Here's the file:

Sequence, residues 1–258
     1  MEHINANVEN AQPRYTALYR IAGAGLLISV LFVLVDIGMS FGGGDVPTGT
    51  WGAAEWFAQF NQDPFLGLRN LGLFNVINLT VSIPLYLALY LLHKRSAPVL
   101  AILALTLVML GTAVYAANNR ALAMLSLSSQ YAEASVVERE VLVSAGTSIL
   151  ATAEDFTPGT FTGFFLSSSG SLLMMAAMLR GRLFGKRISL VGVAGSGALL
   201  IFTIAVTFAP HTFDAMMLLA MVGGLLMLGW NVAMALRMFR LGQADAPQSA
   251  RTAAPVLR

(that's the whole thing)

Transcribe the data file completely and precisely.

Sequence, residues 1–258
     1  MEHINANVEN AQPRYTALYR IAGAGLLISV LFVLVDIGMS FGGGDVPTGT
    51  WGAAEWFAQF NQDPFLGLRN LGLFNVINLT VSIPLYLALY LLHKRSAPVL
   101  AILALTLVML GTAVYAANNR ALAMLSLSSQ YAEASVVERE VLVSAGTSIL
   151  ATAEDFTPGT FTGFFLSSSG SLLMMAAMLR GRLFGKRISL VGVAGSGALL
   201  IFTIAVTFAP HTFDAMMLLA MVGGLLMLGW NVAMALRMFR LGQADAPQSA
   251  RTAAPVLR